Foreign Visions, a new anthology, features short stories and artwork from 25 students at Foran High School. The paperback book, published using the free online publishing tools at Lulu.com, contains 17 short stories and accompanying artwork. The stories were penned by students in Rick Raucci’s Creative Writing class. The artwork was created by students in Meghan Hudson’s Advanced Drawing/Painting and AP Studio Art classes.
This is Foran High School’s first published book and Raucci said he couldn’t be prouder of the students who contributed the material and worked tirelessly to publish the book. Students in his creative writing class worked throughout the 2015-16 school year on various types of writing spanning multiple genres.
Raucci pitched the idea of an advanced writing class that would produce a book of short stories. With a grant secured to cover initial costs, Raucci got approval to move forward with the pilot program, working with 11 high school seniors who were recruited for the first year’s class.
“They were students selected based on their writing ability in the hopes of creating an authentic authorship experience,” Raucci said. The class began with students studying the importance of writing techniques such as setting, dialogue and plot development. “Even the smallest of details can change the story,” Raucci said. “How does age, for example, affect how a person will speak?”
Each student wrote three short stories, working with artists from Hudson’s class: In one round the writers had to write a story based on artwork supplied by the illustrators. The stories were then distributed to a panel of judges to rank. The top-scoring pieces were selected for publication. “Everyone got a story published and there are a few students with two stories,” Raucci said.
As part of this project, students honed writing, editing and revising skills. They also got a taste of professional life by working on a deadline, receiving constructive criticism and incorporating recommended changes to their project.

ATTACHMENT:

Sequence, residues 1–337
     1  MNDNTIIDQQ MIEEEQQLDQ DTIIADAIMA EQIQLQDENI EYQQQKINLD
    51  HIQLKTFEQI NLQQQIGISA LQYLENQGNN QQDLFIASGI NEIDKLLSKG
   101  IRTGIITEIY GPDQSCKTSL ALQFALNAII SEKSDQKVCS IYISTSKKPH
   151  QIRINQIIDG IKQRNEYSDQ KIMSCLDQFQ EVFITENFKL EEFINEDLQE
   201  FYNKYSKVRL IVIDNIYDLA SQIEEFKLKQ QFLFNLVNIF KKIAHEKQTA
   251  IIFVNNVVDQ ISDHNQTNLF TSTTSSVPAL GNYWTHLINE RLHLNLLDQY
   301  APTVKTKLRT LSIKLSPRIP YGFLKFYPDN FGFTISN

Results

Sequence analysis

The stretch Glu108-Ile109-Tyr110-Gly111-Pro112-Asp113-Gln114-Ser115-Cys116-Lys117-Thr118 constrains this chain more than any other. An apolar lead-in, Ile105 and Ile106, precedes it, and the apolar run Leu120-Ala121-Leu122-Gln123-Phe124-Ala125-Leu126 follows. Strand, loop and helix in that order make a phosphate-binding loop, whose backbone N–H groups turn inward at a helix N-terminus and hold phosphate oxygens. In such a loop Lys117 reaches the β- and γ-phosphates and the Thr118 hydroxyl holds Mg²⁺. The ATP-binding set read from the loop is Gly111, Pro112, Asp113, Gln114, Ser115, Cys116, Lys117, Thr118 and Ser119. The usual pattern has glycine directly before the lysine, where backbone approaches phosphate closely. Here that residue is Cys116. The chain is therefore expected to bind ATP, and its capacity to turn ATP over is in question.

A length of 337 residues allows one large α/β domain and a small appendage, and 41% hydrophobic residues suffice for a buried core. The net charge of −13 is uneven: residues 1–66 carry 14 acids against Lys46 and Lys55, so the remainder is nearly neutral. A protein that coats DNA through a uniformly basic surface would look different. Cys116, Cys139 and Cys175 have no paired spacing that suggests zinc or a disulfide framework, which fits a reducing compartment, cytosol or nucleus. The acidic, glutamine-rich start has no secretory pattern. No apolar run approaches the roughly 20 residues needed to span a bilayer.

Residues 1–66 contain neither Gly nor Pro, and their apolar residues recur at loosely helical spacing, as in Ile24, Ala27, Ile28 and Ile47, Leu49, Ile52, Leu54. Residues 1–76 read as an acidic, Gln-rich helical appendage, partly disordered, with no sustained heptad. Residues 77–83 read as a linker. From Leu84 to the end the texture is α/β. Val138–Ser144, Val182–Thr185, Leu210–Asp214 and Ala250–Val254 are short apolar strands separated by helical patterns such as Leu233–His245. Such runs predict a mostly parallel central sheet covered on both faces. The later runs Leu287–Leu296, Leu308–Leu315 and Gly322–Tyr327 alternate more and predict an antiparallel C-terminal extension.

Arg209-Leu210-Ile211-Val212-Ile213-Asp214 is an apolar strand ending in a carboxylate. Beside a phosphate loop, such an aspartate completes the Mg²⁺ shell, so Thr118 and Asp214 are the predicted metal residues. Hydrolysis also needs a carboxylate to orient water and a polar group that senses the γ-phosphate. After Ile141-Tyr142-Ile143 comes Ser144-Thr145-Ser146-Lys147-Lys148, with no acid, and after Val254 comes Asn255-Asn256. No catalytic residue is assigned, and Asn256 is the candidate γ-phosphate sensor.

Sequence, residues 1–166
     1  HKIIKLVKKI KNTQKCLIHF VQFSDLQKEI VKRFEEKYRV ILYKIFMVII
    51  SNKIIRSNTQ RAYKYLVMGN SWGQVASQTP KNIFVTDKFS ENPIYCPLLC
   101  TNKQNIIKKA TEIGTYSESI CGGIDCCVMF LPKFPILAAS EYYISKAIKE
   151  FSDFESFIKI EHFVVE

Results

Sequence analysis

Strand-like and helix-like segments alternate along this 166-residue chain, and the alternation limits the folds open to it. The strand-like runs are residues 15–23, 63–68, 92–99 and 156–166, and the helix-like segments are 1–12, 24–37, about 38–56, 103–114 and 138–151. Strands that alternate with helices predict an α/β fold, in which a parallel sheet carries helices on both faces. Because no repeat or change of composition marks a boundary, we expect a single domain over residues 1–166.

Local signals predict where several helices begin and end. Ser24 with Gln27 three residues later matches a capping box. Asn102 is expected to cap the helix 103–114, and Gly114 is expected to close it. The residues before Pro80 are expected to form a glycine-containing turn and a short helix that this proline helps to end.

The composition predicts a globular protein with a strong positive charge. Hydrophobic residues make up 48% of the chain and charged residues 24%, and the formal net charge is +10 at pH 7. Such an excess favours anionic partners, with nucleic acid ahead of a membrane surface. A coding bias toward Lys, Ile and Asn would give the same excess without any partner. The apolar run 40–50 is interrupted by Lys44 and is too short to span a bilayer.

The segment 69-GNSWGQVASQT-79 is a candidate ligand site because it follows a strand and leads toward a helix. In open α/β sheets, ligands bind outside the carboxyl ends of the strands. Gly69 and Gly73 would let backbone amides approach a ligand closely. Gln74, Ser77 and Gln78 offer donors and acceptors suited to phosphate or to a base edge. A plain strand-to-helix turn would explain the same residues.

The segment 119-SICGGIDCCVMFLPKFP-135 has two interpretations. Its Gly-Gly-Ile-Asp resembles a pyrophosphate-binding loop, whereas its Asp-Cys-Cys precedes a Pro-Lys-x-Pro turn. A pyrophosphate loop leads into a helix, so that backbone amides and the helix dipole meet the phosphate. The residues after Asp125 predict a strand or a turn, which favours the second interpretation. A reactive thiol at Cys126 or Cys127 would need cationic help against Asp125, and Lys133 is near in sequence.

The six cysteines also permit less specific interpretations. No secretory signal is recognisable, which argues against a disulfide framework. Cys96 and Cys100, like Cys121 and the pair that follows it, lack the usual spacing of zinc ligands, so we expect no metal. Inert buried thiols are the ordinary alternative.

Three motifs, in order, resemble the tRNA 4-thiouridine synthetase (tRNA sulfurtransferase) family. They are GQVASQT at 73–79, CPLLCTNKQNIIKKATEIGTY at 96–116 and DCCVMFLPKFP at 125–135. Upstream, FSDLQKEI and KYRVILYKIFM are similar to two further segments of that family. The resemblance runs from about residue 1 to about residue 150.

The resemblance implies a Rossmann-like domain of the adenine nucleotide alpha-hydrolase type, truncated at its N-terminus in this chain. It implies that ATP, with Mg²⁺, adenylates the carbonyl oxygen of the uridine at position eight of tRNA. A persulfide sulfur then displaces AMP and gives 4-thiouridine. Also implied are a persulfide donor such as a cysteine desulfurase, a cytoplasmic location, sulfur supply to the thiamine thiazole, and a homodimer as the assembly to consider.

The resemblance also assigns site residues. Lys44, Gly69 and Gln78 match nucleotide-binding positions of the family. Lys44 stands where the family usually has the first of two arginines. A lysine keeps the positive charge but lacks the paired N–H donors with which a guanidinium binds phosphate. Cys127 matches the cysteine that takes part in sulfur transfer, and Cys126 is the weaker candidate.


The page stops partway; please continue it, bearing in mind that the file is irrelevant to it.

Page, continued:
“They got the full authorship experience,” Raucci said.
For the art students, it was a chance to work as they might on a job.“For my student artists, this book is a unique opportunity to bridge classroom learning to real-life learning,” Hudson said. “Student authors and artists paired up for this collaborative effort, which allowed my artists to work with a ‘client’ rather than making art for themselves.
Hudson said that when another stakeholder’s opinions and input are entwined in the creative process, it changes the game for the artist. “This was an exciting challenge for both the authors and artists,” she added.
Lulu is a self-publishing company, but that doesn’t mean the student writers didn’t have to meet tough standards. The manuscript required several revisions to meet distribution requirements, but students didn’t balk. They were eager to put in the extra work with some students even working weekends to get the completed manuscript revised in time.
The original idea was that the class would be self-sustaining. Students developed a marking plan to sell the books for $20. Before the first shipment of books was even delivered, students had sold more than 300 copies. “Not only were we able to replenish the grant funds, but we were also able to give away scholarships to students,” Raucci said, noting that three $500 scholarships were awarded at the end of the school year.
Principal Max Berkowitz said he looks forward to the continued success of the class. “Advanced Creative Writing provides students a unique and rigorous experience while allowing them to take ownership over their learning,” Berkowitz said. “The opportunity for our students to become published authors has been an exciting and proud experience for the entire school community.”
“This is a huge accomplishment for our students to have published work at this level of their education,” said Hudson. “They are thrilled to see their work in print.”
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